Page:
Thanks Stewart. I gather that mechanical disc brakes cause problems with fitting racks (although I'm sure somewhere, maybe On-One, I saw a frame designed to mount the calipers between the seat stays and chain stays, which would presumably avoid that problem).

I'm afraid I'm not impressed by the look of the Thorn bikes either, and I doubt the welds will be up to the standard of the fillet brazing on my Dave Yates tourer! You can't argue about their value though...

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gaz
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Re: Tandem questions

Postby gaz » 28 Jul 2009, 2:47pm

I'll qualify my answers by saying I own a double gents Galaxy Twin with kiddycranks fitted. It's used for shortish local runs, say a maximum of 30 miles but usually less. My son's been on it for a year since about the age of 6 and a half. I have no experience of mountainous touring except a few trips around mid-Wales on a solo. The Kentish Downs don't really compare.

He's been on a trailer bike since the age of 4 which also still sees use, particularly for car assisted journeys.

The tandem is by far the superior option for stability, handling and weight, hence I prefer it. However mini-me is obliged to pedal, hence he prefers the trailer bike. Freewheeling kiddycrank units used to be available, I have about half the parts needed to assemble one. Fitting them would involving sawing off the ordinary stoker crank arms to avoid out of phase problems.

If you're considering kiddicranks are you happy that your child will keep pedalling for as long as you'd like?

There is a secondary issue as well which I'll refer to as the "Daisy" effect. On an early ride he was laughed at by some older boys, he is worried he'll be laughed at again although it's not happened yet. One day someone will call him "Daisy", I doubt that I'll get him on it again after that.

Mini-me is speed averse. Typically he likes to stay below 20mph on a downhill stretch, this is improving, I got away with 24mph last weekend and we reached 30mph the weekend before. Keeping the speed down for a prolonged period is much easier with an Arai drag brake then standard lever operated cantis.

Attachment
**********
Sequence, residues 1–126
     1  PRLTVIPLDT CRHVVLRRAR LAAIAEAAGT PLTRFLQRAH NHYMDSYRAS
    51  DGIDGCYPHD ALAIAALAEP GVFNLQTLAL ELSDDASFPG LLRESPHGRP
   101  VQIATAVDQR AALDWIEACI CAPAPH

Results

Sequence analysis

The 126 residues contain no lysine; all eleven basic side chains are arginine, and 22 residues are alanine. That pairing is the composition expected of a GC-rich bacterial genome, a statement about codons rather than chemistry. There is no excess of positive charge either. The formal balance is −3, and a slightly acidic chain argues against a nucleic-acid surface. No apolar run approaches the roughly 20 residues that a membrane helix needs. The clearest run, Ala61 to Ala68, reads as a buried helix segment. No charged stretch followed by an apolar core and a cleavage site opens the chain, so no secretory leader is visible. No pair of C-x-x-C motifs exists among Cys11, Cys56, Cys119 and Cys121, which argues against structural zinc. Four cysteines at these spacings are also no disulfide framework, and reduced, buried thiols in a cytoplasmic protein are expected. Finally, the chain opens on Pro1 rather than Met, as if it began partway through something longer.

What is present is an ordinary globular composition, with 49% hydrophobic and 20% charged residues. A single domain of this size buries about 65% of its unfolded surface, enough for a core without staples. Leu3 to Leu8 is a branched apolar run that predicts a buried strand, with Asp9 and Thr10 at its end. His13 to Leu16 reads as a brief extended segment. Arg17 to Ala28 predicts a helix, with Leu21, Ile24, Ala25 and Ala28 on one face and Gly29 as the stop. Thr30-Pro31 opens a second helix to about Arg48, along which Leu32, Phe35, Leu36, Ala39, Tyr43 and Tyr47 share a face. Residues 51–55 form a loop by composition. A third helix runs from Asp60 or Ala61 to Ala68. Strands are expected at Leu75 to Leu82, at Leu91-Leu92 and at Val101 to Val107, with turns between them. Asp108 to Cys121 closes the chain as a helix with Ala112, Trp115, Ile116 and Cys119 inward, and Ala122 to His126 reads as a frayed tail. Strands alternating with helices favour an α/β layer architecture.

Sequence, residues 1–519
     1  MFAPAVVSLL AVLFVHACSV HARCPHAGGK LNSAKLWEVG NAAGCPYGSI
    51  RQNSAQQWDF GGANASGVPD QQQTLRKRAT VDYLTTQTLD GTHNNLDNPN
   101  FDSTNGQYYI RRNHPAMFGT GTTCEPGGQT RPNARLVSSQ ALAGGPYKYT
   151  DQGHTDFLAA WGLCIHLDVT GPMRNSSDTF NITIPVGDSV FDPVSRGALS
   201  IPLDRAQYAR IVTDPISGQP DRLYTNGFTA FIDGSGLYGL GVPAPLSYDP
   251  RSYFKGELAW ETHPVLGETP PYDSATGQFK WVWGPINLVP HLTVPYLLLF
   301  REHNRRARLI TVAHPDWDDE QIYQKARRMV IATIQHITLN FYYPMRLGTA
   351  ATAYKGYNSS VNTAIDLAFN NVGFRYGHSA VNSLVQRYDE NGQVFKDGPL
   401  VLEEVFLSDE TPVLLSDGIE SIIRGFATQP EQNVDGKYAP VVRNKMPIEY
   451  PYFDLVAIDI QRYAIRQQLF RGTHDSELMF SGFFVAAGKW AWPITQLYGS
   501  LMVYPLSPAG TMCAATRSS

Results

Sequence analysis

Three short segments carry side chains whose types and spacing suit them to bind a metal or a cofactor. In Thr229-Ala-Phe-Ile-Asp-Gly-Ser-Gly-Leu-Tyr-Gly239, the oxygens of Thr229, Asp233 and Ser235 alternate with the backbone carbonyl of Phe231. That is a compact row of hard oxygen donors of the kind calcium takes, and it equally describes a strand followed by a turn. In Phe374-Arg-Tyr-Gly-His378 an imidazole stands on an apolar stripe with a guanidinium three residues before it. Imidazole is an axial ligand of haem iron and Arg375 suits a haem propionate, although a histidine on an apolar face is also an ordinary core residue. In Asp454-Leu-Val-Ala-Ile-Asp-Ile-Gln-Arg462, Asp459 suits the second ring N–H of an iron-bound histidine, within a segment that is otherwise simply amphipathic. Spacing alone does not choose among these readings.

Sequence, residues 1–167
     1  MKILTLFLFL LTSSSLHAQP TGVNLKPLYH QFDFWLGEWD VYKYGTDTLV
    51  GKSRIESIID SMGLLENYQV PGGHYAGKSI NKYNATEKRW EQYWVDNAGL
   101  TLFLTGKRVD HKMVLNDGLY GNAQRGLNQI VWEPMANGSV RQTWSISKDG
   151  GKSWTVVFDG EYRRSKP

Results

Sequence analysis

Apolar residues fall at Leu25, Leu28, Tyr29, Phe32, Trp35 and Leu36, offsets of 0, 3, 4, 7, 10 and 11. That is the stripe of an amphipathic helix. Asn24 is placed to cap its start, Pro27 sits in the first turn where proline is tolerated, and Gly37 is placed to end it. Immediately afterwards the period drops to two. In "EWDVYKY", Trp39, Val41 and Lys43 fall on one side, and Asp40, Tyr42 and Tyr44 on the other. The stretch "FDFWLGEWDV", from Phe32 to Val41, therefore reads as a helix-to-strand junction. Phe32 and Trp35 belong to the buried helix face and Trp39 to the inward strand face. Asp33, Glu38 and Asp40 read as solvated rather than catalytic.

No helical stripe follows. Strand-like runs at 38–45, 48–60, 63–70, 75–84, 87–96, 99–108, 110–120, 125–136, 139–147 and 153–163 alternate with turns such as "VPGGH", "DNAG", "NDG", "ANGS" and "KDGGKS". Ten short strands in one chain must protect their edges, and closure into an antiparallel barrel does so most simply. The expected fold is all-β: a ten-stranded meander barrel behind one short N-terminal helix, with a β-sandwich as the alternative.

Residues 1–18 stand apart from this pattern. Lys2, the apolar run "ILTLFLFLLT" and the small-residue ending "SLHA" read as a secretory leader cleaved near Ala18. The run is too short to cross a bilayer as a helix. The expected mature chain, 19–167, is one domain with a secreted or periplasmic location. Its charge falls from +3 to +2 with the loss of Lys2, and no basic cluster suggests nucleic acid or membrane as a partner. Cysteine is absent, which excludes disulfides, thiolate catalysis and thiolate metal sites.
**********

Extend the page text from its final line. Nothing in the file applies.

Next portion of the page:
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hamster
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Re: Tandem questions

Postby hamster » 28 Jul 2009, 3:09pm

We have two Dawes Kickback Two MTB tandems, and have recently done the Devon C2C with the kids. The bikes are around 15 years old.

Depending on how tall you are, you may get a small sized adult tandem (not childback) to fit. A Dawes 17/15 fitted my son at 5, although he is relatively tall. Fitting shorter cranks (120mm, re-machined by Highpath Engineering) permitted him to sit with the seatpost as low as possible. No2 son (age 4) uses an identical size frame and kiddy cranks, as his legs are too short. At the same time, my wife who is 5'4" is also comfortable, so it should last until they are teenagers.

I can't comment on the Rohloff, but I don't have trouble with the derailleur gearing - you just need LOW gears (24T front, 30 or 32 back). With a 24/34/44 we get on fine, and 44/12 allows us to hit 30 downhill. We still use 7 speed and thumbshifters or gripshift. Occasionally you hear the front mech dragging a little but both these shifters trim easily.

I strongly recommend Magura hydraulic rim brakes, they work flawlessly and don't tire your hands, even when descending 1:4 Devon lanes fully loaded in the rain. V's work OK, conventional cantis were finicky to set up, hard work and horribly vague on the rear. You may not need a drum brake as a tandem with child on the back will weight 20-50kg less than one with an adult.

AndyB
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Re: Tandem questions

Postby AndyB » 28 Jul 2009, 3:10pm

gaz wrote:The tandem is by far the superior option for stability, handling and weight, hence I prefer it. However mini-me is obliged to pedal, hence he prefers the trailer bike. Freewheeling kiddycrank units used to be available, I have about half the parts needed to assemble one. Fitting them would involving sawing off the ordinary stoker crank arms to avoid out of phase problems.

If you're considering kiddicranks are you happy that your child will keep pedalling for as long as you'd like?

There is a secondary issue as well which I'll refer to as the "Daisy" effect. On an early ride he was laughed at by some older boys, he is worried he'll be laughed at again although it's not happened yet. One day someone will call him "Daisy", I doubt that I'll get him on it again after that.